The destruction of green cover has already started telling upon the fragile Himalayan ecology with snow becoming increasingly scarce and cloudbursts and flash floods becoming a regular feature. Protecting the hill environment is, thus, a major challenge for the state as a failure to do so will affect tourism and hydel generation.
The state’s grandiose plans to harness 10,000 mw of hydel power over the next 10 years will come to nought if the discharge in the snow-fed rivers continues to decline. The Dhumal government has begun work on hydel projects on a war-footing. The hydel projects, with an aggregate generation capacity of 6,000 mw, include the prestigious Parbati, Kol and Chamera-II projects. Besides, over 300 micro-hydel projects have also been assigned to the private sector. Once completed, these projects will fetch the much-needed revenue to the state.
The government has now selected two new areas — information technology and biotechnology — to rid the state of its financial crisis. A comprehensive plan has been prepared in collaboration with NASSCOM (National association of software companies) to promote software industry with an export target of Rs 2000 crore by 2005. A software park will be set up in Shimla and an information technology institute of international standard is being set up at Vaknaghat. Computer education is also being introduced in 135 government senior secondary schools.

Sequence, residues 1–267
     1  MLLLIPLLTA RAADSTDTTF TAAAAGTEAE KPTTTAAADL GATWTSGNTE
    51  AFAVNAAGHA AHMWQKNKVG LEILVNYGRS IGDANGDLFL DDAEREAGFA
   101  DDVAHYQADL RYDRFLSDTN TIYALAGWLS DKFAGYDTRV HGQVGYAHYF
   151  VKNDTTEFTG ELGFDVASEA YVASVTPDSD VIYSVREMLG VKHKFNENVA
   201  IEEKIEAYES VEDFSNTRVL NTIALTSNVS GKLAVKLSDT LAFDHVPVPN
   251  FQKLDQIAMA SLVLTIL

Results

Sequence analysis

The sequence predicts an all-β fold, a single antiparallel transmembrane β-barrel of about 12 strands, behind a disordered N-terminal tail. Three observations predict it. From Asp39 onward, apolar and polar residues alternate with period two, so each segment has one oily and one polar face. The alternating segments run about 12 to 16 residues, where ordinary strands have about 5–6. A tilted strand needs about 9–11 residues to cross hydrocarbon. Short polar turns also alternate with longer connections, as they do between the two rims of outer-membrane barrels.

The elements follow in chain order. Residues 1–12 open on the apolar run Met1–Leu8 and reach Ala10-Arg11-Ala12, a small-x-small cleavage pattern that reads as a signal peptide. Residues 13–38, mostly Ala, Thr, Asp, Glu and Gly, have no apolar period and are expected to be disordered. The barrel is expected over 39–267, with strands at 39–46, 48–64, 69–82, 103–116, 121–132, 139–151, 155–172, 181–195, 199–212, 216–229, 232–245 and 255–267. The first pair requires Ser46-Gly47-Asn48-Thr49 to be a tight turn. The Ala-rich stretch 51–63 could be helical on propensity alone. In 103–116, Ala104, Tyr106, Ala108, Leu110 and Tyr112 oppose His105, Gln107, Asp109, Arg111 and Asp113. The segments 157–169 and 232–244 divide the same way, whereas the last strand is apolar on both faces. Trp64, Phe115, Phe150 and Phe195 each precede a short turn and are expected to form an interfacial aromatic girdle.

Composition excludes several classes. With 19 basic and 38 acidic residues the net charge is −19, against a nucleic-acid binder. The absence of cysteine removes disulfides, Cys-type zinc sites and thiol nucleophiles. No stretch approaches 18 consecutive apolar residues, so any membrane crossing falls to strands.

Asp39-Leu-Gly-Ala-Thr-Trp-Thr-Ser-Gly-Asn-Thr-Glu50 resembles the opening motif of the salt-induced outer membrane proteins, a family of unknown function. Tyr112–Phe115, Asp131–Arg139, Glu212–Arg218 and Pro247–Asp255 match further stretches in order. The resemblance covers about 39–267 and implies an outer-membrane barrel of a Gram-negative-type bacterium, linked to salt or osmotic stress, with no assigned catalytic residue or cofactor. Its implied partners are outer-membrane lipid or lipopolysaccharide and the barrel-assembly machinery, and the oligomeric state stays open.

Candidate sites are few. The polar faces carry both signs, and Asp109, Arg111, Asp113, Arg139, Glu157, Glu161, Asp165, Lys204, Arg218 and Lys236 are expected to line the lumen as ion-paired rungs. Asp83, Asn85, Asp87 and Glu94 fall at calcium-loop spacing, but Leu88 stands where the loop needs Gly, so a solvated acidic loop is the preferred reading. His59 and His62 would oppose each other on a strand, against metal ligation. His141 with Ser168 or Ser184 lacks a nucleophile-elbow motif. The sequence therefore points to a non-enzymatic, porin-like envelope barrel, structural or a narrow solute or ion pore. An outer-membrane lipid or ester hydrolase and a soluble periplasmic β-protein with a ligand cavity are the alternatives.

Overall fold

Ironically, the state which has been doing well on the development front and the social sector, has been in a financial mess. With successive regimes using employment in government as the sole instrument for satisfying the aspirations of people, the state today has almost 5 per cent of the population in government jobs, the highest in the country. Worse, instead of mobilising resources to meet the growing expenditure, the government raised loans indiscriminately, plunging the state into a debt trap.
The gravity of the situation can be gauged from the fact that the state’s annual revenue from its own resources is only about Rs 750 crore, whereas the interest liability has crossed the Rs 1,000 crore mark. At present, the monthly inflow, including Central grants, is Rs 200 crore, whereas the outflow is Rs 400 crore, leaving the state with no option but to raise more loans.
The present government has initiated
some fiscal reforms like downsizing the administration, levying user
charges, etc, but these will not have any immediate impact.